A contact point is defined as an electronic identification to which a communication may be sent including email addresses, mobile or telephone numbers, facsimile numbers, or an electronic address (Section 102 of the Child Protection Registry Act). Internet service providers may subject to the above provisions, send communication to a contact point if they receive prior consent from an adult who controls the contact point (Section 202(4)(a) of the Child Protection Registry Act). The person sending this communication must also verify the age, obtain a written record indicating the adult's consent, include a notice outline rights to opt-out, and notify the Attorney General's1 office of this communication (Section 202(4)(b) of the Child Protection Registry Act).

Furthermore, the Child Protection Registry establishes that companies and marketers that send adult-oriented content and messages must screen their mailing list with the State of Utah and remove registered addresses and numbers before sending their solicitations. Individuals can register via a form here.

Please note - some provisions above may be preempted by the federal Controlling the Assault of Non-Solicited Pornography and Marketing Act of 2003, for more information please see our USA – Emarketing Guidance Note.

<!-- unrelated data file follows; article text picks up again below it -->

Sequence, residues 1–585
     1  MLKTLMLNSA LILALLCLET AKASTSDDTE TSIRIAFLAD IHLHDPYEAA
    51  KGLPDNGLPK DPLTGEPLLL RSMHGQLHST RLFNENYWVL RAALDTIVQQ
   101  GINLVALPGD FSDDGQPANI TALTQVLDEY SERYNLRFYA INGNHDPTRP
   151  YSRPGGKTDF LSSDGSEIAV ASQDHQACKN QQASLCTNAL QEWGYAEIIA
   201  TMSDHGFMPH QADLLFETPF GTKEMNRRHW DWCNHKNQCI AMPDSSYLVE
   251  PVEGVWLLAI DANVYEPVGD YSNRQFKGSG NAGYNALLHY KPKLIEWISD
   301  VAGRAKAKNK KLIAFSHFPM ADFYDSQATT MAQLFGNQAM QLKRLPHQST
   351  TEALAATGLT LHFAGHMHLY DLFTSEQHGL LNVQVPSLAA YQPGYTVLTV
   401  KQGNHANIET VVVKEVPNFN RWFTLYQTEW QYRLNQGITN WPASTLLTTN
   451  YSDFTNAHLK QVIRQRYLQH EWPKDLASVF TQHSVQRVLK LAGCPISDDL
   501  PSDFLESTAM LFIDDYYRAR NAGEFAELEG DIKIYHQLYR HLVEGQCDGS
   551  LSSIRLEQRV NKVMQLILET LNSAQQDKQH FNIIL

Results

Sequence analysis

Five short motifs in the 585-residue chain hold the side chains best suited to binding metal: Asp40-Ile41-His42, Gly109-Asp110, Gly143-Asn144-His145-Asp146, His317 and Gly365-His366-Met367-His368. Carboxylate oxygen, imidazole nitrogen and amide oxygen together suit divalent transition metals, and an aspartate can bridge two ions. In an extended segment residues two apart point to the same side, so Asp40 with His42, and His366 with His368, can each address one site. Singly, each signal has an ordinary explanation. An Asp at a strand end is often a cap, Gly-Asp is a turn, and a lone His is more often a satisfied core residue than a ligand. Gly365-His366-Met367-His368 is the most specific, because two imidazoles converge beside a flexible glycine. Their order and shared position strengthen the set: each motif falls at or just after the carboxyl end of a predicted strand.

Under Utah's Notice of Intent to Sell Nonpublic Personal Information Act, §13-17-101 et seq. of the Utah Code, businesses that collect personal information about Utah residents with an intent to sell it, must give notice to the individual in a manner that is 'sufficiently conspicuous so that a reasonable person would perceive the notice before providing the nonpublic personal information.' Similarly, under the Governmental Internet Information Privacy Act, a governmental entity may not collect personally identifiable information related to a user of the entity's website unless the entity has taken reasonable steps to ensure that it has provided a privacy policy statement; that is, an explanation of how the personal information is being used and processed.